Disclaimer: This post is not about the politics of humanities Ph.D. programs, the ethics of these arrangements, or whether you should go to grad school in the first place. But if you haven’t already looked into this and you’re thinking of going to grad school, you need to do your homework on this stuff. Start here.
A few days ago I had a nice phone conversation with a recent college graduate who was thinking about applying to Yale’s Film Studies program. Talking to her reminded me of my first year or so as a grad student at Yale, and what I remember most is just all-consuming confusion — the ubiquitous sensation of doing the wrong thing, and, worse, of not knowing what the right thing was.
(This is my third post about moving to New Haven. I’ve also written about where to live and what to do. I wish you the very best of luck on your move, but I regret that I don’t have time to answer individual questions about your situation.)
If there’s one thing that everyone knows about me, it’s this: I give the people what they want. And the people, judging by my Google Analytics, want to know whether you need a car as a grad student in New Haven. So here you go: No, you don’t, and you probably shouldn’t have one, either.
Disclaimer: I had a car in New Haven and you’d pry it from my cold, dead hands. But that’s because I’m a) lazy, b) from California, and c) prone to making bad decisions about the short-term/long-term benefits of things. Even I could tell, as I begged rides to the car-impound lot at two in the morning, that if I were smart, I would give up on the whole having-a-car thing.
Long, long ago, I posted the the filmography from the “canon” exam that Yale’s Film Studies Ph.D. program administers to all of its graduating students. I promised to post the readings, too, and then promptly forgot. Anyway, here they are, in case you’re interested in some light reading. Apologies for the formatting errors; I didn’t have the wherewithal to clean this list up.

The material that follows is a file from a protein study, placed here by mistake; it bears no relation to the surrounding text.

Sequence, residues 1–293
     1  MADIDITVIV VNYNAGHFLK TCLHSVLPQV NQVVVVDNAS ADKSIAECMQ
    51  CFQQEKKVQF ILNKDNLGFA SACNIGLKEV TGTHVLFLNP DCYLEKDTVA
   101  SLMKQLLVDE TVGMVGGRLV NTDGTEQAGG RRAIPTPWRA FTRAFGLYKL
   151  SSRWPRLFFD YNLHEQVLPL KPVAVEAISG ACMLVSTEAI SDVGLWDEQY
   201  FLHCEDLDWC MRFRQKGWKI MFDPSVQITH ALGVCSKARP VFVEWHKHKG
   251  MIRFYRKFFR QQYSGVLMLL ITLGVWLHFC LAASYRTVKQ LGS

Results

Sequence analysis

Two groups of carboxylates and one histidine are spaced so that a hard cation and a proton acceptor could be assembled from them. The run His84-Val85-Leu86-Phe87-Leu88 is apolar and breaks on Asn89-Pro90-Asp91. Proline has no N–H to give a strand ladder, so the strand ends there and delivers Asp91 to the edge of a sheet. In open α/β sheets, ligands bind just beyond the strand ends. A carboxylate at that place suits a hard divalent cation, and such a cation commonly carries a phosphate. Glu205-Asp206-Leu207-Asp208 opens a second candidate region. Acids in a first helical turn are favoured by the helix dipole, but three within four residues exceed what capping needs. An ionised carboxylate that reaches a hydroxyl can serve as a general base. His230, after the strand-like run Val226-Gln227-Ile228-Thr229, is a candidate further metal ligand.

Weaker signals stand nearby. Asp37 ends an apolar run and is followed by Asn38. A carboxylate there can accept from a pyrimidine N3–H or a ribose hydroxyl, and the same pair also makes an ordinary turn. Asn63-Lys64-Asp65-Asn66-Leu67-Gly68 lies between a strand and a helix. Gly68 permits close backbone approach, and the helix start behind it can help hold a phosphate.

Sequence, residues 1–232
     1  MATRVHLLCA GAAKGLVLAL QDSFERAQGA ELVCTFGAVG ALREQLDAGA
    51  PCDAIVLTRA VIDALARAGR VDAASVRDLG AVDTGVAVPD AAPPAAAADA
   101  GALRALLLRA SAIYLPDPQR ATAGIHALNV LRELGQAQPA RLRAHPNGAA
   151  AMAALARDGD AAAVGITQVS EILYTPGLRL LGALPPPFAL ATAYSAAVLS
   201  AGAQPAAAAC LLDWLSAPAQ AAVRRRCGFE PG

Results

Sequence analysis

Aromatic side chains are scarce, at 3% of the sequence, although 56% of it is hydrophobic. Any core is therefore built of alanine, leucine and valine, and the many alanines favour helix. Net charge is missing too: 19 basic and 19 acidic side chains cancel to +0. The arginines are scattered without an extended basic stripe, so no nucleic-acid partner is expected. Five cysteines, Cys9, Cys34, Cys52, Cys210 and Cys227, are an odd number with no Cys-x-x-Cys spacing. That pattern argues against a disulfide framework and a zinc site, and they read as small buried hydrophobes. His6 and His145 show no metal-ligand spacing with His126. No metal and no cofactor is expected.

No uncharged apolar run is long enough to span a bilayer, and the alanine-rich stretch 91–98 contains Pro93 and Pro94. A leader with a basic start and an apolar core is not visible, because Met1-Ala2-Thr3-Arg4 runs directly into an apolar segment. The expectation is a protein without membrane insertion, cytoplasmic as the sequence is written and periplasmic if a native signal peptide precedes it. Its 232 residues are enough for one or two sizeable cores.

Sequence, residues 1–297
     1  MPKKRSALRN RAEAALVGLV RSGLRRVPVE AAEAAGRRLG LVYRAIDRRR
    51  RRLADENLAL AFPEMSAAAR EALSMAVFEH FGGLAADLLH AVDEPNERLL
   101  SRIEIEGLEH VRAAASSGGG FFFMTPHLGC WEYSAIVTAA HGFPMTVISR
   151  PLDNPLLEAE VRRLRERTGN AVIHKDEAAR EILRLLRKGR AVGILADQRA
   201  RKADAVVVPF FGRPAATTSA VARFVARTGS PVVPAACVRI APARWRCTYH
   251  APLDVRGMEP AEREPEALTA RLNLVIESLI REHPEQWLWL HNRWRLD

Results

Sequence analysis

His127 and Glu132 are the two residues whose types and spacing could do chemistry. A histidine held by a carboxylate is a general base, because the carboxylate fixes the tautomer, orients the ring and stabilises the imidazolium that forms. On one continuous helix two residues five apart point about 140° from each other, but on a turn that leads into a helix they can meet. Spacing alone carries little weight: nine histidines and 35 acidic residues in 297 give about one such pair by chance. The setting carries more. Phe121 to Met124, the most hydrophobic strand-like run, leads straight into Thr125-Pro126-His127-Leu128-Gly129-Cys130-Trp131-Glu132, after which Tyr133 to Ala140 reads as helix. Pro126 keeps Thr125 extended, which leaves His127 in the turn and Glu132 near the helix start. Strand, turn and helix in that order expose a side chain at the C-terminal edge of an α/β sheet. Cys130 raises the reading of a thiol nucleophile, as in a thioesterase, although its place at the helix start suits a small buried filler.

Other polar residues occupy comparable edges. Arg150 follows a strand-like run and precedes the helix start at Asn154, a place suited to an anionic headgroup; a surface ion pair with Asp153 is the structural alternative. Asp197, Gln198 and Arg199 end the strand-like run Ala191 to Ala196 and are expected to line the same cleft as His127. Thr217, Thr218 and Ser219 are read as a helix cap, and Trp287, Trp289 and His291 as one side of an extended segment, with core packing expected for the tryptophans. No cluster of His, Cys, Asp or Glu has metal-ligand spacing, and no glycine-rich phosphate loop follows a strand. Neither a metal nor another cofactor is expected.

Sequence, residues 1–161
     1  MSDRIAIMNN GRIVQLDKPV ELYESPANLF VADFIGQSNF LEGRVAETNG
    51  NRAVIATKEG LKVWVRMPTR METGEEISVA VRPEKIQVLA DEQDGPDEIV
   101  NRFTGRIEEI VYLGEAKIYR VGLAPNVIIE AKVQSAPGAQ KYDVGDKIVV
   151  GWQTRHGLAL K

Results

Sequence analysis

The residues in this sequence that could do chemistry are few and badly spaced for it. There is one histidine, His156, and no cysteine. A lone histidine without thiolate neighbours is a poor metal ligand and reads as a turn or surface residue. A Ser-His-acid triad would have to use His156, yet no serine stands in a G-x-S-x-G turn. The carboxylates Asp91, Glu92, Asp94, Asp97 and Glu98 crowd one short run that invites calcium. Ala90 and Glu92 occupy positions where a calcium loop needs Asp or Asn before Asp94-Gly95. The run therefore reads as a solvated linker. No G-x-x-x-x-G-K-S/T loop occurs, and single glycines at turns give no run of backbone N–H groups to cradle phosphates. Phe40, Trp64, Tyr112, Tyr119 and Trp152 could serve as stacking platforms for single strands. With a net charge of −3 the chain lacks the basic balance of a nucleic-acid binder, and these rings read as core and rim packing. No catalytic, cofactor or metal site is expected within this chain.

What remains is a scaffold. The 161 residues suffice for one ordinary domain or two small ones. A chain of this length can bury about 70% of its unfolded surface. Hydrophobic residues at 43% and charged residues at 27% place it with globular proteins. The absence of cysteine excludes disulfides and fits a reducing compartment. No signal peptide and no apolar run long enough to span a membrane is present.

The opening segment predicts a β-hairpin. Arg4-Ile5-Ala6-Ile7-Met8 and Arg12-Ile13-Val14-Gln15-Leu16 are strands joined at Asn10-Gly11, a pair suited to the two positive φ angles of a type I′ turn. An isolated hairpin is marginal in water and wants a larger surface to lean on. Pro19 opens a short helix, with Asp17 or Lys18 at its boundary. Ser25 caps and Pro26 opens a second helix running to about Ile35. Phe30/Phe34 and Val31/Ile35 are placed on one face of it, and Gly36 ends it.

Yale’s Film Studies program is old-school in certain ways, and one of those ways is that we have an exam at the end of our Ph.D. program to test our knowledge of various essential films and film scholarship. We students have nicknamed it the “canon exam,” although it seems as though the professors avoid calling it that.
I was remembering how, the summer before I started grad school, I wondered what films I should watch to make myself conversant with other film students. I think I just ended up checking out every Criterion Collection movie I could find.
I thought you might be interested to see what we’re drilled on, and I don’t think the canon exam is a private affair (quite the opposite, actually, since it exists in part to assure prospective employers that we’ll be up to speed on the canon). So I’m posting the film list below. I’ll post the reading list later. [Update: here’s the reading list.]
As to the politics of a “canon,” or the wisdom of these particular choices … well, I’ll save that for another post. Suffice it to say that I don’t think this is a bad list, though it’s missing a lot of my favorite movies. (And the movies it does contain are so somber!)